In other words: one starts with 0 and 1, and then produces the next Fibonacci number by adding the two previous Fibonacci numbers. The first Fibonacci numbers (sequence A000045 in OEIS) for n = 0, 1, ... are
- 1 Origins
- 2 The bee ancestry code
- 3 Relation to the golden section
- 4 Matrix form
- 5 Computation
- 6 Applications
- 7 Fibonacci numbers in nature
- 8 Identities
- 9 Power series
- 10 Reciprocal sum constant
- 11 Generalizations
- 12 Fibonacci primes
- 13 Fibonacci strings
- 14 Fiction
- 15 See also
- 16 Journals
- 17 References
- 18 External links
The earliest known reference to Fibonacci numbers is contained in a book on meters by an Indian mathematician named Pingala called Chhandah-shastra (500 BC). As documented by Donald Knuth in The Art of Computer Programming, this sequence was described by the Indian mathematicians Gopala and Hemachandra in 1150, who were investigating the possible ways of exactly bin packing items of length 1 and 2. In the West, it was first studied by Leonardo of Pisa, who was also known as Fibonacci (c. 1200), to describe the growth of an idealised (although biologically unrealistic) rabbit population. The numbers describe the number of pairs in the rabbit population after n months if it is assumed that:
- in the first month there is just one newly-born pair,
- new-born pairs become fertile from their second month on
- each month every fertile pair begets a new pair, and
- the rabbits never die
Suppose that in month n we have a pairs of fertile and newly born rabbits and in month n + 1 we have b pairs. In month n + 2 we will necessarily have a + b pairs, because all a pairs of rabbits from month n will be fertile and produce a pairs of offspring, while the newly born rabbits in b will not be fertile and will not produce offspring.
The bee ancestry code
Fibonacci is also stated as having described the sequence "encoded in the ancestry of a male bee." This turns out to be the Fibonacci sequence. One can derive this truth by taking the following facts:
- If an egg is laid by a single female, it hatches a male.
- If, however, the egg is fertilized by a male, it hatches a female.
- Thus, a male bee will always have one parent, and a female bee will have two.
If one traces the ancestry of this male bee (1 bee), he has 1 female parent (1 bee). This female had 2 parents, a male and a female (2 bees). The female had two parents, a male and a female, and the male had one female (3 bees). Those two females each had two parents, and the male had one (5 bees). If one continues this sequence, it gives a perfectly accurate depiction of the Fibonacci sequence.
However, this statement is mostly theoretical. In reality, some ancestors of a particular bee will always be sisters or brothers, thus breaking the lineage of distinct parents.
Relation to the golden section
As was pointed out by Johannes Kepler, the ratio of consecutive Fibonacci numbers, that is:
converges to the golden section φ defined as the positive solution of the equation:
- or equivalently
where is the golden section number.
A 2-dimensional system of linear difference equations that describes the Fibonacci sequence is
Note that this matrix has a determinant of −1, and thus it is a 2×2 unimodular matrix. This property can be understood in terms of the continued fraction representation for the golden mean: φ = [1; 1, 1, 1, 1, …]. The Fibonacci numbers occur as the ratio of successive convergents of the continued fraction for φ, and the matrix formed from successive convergents of any continued fraction has a determinant of +1 or −1.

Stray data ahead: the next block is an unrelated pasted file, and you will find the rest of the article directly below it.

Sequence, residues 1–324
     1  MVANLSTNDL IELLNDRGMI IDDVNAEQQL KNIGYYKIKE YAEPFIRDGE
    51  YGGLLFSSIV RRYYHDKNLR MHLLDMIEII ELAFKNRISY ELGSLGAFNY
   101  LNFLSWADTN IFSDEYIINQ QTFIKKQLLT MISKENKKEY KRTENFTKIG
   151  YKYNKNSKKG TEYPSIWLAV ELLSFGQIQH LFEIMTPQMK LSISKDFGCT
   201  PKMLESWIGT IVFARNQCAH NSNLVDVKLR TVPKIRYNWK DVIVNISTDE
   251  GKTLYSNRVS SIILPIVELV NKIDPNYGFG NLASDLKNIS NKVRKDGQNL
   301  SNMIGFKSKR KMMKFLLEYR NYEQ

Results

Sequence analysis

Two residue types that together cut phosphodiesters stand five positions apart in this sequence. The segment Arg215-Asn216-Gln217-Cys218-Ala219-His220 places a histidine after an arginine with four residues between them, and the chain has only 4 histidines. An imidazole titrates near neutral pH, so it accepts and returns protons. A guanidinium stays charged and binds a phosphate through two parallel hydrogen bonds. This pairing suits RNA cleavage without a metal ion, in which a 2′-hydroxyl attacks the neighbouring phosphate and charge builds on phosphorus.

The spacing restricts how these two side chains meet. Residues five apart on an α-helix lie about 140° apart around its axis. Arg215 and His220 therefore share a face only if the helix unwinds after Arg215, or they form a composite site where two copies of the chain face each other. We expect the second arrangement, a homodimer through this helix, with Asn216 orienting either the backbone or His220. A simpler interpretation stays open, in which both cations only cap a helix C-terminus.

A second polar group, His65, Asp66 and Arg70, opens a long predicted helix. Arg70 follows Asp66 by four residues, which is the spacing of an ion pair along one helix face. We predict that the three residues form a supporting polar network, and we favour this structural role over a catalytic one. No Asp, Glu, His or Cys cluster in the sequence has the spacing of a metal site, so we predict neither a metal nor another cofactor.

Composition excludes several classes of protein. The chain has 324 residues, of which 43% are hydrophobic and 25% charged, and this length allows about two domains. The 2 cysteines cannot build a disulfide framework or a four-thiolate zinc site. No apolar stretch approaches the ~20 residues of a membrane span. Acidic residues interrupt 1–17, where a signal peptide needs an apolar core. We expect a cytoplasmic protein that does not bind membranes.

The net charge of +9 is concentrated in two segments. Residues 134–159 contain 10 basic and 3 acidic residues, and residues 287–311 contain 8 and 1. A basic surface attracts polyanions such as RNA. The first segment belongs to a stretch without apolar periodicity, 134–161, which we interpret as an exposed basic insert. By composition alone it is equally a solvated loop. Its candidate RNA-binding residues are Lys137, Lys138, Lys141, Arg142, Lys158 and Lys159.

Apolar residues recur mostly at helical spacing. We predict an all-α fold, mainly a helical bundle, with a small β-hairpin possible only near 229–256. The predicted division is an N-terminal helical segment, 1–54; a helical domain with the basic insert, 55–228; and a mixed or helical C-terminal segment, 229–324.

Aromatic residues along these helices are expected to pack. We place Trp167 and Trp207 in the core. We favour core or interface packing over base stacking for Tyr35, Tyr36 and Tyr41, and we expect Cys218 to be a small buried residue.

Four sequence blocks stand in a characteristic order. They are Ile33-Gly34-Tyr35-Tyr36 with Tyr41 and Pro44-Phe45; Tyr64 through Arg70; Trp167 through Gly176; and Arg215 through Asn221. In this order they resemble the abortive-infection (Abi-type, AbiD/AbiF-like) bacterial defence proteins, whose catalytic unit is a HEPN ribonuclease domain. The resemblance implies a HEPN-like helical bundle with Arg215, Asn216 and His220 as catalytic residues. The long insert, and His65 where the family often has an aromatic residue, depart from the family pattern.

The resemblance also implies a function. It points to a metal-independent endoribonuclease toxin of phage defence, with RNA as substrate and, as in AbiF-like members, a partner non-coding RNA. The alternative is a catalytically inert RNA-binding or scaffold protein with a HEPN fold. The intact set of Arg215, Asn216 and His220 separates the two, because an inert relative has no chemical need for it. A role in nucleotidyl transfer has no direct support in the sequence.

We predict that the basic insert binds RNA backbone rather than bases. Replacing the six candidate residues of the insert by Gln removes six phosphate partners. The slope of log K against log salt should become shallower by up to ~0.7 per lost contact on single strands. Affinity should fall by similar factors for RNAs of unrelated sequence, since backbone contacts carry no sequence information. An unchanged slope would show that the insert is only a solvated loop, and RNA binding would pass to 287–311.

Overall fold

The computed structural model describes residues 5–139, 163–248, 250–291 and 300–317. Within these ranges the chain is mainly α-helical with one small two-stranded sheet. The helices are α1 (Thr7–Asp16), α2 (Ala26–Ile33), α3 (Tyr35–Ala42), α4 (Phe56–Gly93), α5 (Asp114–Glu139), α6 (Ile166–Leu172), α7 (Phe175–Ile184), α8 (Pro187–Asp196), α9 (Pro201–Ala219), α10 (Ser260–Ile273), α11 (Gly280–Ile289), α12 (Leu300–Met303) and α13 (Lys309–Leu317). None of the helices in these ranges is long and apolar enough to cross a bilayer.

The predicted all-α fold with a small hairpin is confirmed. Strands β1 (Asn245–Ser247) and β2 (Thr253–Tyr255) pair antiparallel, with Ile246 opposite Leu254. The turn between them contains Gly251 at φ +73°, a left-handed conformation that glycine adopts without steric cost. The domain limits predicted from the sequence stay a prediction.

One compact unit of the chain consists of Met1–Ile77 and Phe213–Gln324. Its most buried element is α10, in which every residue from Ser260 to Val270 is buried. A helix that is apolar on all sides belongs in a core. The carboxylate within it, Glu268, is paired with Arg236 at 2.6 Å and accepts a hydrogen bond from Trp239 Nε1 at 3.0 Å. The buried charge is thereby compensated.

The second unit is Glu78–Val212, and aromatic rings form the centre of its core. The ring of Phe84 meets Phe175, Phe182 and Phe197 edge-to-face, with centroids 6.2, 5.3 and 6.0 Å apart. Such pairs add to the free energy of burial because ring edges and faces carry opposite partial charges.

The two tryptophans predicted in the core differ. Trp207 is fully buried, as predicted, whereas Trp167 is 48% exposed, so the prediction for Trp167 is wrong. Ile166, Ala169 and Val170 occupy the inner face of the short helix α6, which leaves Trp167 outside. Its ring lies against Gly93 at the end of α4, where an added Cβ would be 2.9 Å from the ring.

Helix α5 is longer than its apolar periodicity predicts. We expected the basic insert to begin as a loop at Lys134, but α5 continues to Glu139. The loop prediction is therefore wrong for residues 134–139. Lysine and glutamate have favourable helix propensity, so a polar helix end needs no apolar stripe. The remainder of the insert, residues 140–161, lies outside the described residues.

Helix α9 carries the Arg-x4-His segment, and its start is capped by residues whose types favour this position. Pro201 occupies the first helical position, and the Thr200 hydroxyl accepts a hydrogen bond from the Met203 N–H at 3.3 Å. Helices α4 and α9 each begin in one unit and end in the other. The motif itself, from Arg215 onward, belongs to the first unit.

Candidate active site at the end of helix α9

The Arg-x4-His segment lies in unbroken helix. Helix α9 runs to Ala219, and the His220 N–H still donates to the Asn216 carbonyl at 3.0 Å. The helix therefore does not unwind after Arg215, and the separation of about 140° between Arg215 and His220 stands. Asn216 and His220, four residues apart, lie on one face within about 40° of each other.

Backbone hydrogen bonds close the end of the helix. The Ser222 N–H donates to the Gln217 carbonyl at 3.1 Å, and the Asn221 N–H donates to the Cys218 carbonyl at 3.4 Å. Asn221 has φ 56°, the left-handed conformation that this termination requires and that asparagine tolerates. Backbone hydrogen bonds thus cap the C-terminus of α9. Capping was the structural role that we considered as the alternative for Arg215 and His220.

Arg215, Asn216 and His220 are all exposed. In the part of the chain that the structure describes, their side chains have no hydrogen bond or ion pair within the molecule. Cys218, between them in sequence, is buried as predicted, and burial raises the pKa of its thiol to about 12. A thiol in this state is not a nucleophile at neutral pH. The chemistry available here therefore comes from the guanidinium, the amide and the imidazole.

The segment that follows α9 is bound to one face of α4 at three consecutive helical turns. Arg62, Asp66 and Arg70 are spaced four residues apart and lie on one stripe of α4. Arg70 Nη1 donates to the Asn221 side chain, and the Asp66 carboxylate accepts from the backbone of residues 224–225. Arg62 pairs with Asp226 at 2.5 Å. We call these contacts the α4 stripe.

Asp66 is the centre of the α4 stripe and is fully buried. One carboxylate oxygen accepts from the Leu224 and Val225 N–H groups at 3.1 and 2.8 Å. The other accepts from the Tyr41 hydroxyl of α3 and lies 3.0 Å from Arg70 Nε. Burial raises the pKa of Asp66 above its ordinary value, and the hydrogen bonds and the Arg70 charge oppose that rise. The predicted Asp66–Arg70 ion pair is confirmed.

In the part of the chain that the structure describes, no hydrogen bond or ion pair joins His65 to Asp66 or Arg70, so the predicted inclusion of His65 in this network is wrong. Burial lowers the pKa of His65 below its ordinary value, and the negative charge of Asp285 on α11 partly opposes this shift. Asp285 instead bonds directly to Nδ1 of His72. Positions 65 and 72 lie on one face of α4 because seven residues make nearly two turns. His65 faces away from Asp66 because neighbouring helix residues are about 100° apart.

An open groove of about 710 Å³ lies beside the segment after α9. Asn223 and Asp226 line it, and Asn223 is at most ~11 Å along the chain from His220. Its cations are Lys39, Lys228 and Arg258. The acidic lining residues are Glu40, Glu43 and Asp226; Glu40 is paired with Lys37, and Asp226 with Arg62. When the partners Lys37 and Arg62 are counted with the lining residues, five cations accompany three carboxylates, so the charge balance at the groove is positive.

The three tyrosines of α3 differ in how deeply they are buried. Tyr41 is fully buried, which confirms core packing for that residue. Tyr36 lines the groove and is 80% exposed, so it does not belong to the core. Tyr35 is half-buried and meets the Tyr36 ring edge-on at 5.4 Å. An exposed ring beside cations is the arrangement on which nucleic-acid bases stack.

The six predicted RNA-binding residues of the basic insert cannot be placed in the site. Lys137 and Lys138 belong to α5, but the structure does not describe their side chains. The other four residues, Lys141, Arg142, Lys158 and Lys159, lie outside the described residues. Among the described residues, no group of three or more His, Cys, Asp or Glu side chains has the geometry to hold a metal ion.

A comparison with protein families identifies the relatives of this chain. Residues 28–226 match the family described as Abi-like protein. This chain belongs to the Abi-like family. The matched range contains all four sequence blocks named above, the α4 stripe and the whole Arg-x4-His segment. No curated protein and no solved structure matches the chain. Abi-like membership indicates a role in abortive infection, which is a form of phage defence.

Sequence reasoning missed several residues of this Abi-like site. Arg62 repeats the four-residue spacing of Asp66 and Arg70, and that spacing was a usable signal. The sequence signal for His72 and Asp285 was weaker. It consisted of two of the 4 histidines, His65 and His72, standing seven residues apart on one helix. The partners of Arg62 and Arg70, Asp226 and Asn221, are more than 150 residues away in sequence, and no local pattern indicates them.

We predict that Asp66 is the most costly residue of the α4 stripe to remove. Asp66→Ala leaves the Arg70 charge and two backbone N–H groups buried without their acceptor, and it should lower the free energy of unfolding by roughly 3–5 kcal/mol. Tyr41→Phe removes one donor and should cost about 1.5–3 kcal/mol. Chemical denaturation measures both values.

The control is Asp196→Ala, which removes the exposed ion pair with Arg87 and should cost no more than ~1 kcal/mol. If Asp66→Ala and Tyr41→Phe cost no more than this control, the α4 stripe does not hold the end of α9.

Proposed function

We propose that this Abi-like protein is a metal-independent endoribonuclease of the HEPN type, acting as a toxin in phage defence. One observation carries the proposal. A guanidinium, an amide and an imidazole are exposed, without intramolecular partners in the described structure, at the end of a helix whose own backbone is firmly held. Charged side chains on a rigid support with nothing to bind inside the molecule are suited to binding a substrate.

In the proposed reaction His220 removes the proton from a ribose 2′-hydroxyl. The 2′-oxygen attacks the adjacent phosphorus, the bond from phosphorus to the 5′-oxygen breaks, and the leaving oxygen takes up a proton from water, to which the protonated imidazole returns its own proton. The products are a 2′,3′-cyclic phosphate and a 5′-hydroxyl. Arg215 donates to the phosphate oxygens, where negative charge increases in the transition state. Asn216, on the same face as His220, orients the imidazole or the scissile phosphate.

The matrix representation gives the following closed expression for the Fibonacci numbers:
Taking the determinant of both sides of this equation yields the identity:
Additionally, since for any matrix , the following identities can be derived:
There is much more in an article on the Fibonacci resources site.
- For more details on this topic, see Fibonacci number program.
Computing Fibonacci numbers by computing powers of the golden mean is not very practical except for small values of n, since rounding errors will accrue and floating point numbers usually do not have enough precision.
The straightforward recursive implementation of the Fibonacci sequence definition is also not advisable, since it computes many values repeatedly (unless the programming language has a feature which allows the storing of previously computed function values, such as memoization). Therefore, one usually computes the Fibonacci numbers "from the bottom up", starting with the two values 0 and 1, and then repeatedly replacing the first number by the second, and the second number by the sum of the two.
For huge arguments, a faster way to calculate Fibonacci numbers is to use the closed matrix form and employ exponentiation by squaring.
The Fibonacci numbers occur in a formula about the diagonals of Pascal's triangle (see binomial coefficient).
Every positive integer can be written in a unique way as the sum of one or more distinct Fibonacci numbers in such a way that the sum does not include any two consecutive Fibonacci numbers. This is known as Zeckendorf's theorem, and a sum of Fibonacci numbers that satisfies these conditions is called a Zeckendorf representation.
Fibonacci numbers are also used by some pseudorandom number generators.
In music Fibonacci numbers are sometimes used to determine tunings, and, as in visual art, to determine the length or size of content or formal elements. Examples include Béla Bartók's Music for Strings, Percussion, and Celesta.
Since the conversion factor 1.609 for miles to kilometers is close to the golden mean φ, the decomposition of distance in miles into a sum of Fibonacci numbers becomes nearly the kilometer sum when the Fibonacci numbers are replaced by their successors. This method amounts to a radix 2 number register in base φ being shifted. To go from kilometers to miles shift the register down the Fibonacci sequence instead.